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Music of the Month: Let All Things Now Living

“Let All Things Now Living” gets a lively calypso setting in this arrangement, which expresses the excitement of the text. A more tranquil, hymn-like second stanza leads back to a dance-like ending. The tune THE ASH GROVE is used with many texts, including “Sent Forth by God’s Blessing,” making this a useful arrangement throughout the Church Year. Level II.

Let All Things Now Living

Linda R. Lamb’s new handbell setting of “Let All Things Now Living” should find use across the map in American churches. Although not in Lutheran Service Book, the hymn “Let All Things Now Living” appears in dozens of current American hymnals and uses the same tune as the hymn “Sent Forth by God’s Blessing” (LSB 643).

“Let All Things Now Living,” originally written by Katherine Davis (1892–1980), is an appropriate hymn for use throughout the Church Year. With themes of thanksgiving, creation, and preservation, it encompasses Old Testament tropes as well as sentiments appropriate for the church-at-large today.

The tune accompanying “Let All Things Now Living” is THE ASH GROVE, a traditional Welsh melody. The Lord’s Supper hymn “Sent Forth by God’s Blessing,” written by Omer Westendorf (1916–97) also uses this tune in Lutheran Service Book.

Calypso Style for Handbells 

Lamb’s handbell setting of the tune begins in 4/4 meter with a syncopated version of the tune. This version is defined in music as calypso, an Afro-Caribbean style of music that originated in Trinidad and Tobago in the nineteenth century.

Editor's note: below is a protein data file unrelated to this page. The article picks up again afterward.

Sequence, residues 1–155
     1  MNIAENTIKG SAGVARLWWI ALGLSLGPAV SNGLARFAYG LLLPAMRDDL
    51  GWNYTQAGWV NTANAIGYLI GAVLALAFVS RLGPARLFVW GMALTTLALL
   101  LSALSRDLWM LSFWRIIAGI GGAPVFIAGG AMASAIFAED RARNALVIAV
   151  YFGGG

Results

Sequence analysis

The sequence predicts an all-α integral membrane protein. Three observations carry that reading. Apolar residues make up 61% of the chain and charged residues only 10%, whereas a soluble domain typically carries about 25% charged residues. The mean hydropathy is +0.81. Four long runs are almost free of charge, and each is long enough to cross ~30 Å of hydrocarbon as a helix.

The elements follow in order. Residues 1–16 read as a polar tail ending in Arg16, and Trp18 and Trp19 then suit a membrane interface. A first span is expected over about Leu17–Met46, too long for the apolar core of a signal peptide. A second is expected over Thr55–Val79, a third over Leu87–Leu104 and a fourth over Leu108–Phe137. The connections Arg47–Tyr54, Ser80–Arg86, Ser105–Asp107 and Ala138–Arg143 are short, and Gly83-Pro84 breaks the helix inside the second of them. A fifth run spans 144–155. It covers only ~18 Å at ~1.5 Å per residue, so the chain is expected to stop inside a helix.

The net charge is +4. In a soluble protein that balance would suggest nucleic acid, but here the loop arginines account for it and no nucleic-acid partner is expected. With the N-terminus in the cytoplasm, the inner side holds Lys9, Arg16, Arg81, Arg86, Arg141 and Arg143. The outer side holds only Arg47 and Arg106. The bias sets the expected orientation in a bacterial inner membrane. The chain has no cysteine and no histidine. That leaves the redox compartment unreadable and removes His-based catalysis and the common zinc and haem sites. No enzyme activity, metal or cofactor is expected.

The calypso style in this setting involves a table malleting technique, where ringers strike bells laying on a padded handbell table with mallets. This creates a short, muted sound that contrasts with the bell’s traditional ringing tone.

The second statement of the tune features the tune’s familiar 3/4 meter, as it is presented in its hymn form, before returning ritornello-style to a short finale in the calypso style.

Different Text, Same Tune 

The hymn “Sent Forth by God’s Blessing,” though thematically different than “Let All Things Now Living,” is similar in two stanzas and incorporates some of the same language and imagery, making it a fitting text to identify with “Let All Things Now Living.”

The second stanza, in particular, could be considered a mirror of the text of “Let All Things Now Living.” No matter what hymn text a handbell choir or congregation thinks of when hearing the melody THE ASH GROVE, this setting should capture the character of both with joyful praise and thanksgiving.


To bring this unique and festive handbell arrangement to your congregation, order the score below. 

Purchase "Let All Things Now Living."

 

Written by

Nathan Grime

Nathan Grime is from Fort Wayne, Indiana. He is a 2020 graduate of Hillsdale College, where he studied rhetoric, public address, and journalism. Currently, Nathan is the organist and Kantor intern at St. Paul’s Lutheran Church in Hillsdale, Michigan.